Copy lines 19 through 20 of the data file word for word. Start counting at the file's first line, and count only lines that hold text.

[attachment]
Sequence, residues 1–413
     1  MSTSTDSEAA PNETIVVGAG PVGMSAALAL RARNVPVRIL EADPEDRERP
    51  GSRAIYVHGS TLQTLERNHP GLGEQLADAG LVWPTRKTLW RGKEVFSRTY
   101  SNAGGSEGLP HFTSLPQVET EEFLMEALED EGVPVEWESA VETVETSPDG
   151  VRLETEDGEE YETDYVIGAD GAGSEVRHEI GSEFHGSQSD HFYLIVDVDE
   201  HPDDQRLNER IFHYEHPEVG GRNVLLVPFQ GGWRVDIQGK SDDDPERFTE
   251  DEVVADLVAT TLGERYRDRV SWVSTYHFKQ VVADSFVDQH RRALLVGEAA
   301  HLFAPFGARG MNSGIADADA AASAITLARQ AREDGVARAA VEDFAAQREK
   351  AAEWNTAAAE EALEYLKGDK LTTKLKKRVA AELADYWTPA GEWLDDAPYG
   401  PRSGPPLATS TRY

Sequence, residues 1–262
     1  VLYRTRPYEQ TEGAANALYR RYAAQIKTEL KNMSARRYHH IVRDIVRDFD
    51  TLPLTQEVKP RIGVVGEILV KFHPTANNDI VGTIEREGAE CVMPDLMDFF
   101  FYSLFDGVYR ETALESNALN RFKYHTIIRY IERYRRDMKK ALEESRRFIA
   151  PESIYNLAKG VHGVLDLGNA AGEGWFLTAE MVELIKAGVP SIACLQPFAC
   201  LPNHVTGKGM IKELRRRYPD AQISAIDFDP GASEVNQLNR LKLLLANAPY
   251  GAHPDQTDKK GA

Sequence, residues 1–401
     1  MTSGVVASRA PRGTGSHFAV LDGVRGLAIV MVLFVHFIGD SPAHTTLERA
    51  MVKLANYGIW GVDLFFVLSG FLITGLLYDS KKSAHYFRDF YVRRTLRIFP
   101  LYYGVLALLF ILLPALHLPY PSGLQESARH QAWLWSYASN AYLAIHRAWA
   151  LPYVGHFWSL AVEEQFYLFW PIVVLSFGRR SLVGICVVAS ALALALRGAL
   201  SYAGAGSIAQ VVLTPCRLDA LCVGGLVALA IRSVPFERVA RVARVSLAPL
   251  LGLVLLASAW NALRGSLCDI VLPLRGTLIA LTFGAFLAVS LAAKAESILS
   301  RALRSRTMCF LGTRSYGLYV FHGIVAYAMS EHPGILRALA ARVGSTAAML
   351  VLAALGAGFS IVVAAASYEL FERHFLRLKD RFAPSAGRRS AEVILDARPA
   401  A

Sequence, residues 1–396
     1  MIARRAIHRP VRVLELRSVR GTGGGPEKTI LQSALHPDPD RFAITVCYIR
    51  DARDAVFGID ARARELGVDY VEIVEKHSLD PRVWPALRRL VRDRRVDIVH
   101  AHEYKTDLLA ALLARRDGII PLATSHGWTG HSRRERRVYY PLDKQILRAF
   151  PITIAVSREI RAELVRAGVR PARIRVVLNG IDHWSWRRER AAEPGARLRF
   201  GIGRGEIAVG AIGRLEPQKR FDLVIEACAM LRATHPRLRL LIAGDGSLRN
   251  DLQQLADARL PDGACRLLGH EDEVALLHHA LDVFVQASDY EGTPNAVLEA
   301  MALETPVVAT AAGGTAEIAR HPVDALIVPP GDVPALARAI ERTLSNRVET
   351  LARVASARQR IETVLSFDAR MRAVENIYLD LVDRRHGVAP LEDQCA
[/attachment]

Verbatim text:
     1  MTSGVVASRA PRGTGSHFAV LDGVRGLAIV MVLFVHFIGD SPAHTTLERA
    51  MVKLANYGIW GVDLFFVLSG FLITGLLYDS KKSAHYFRDF YVRRTLRIFP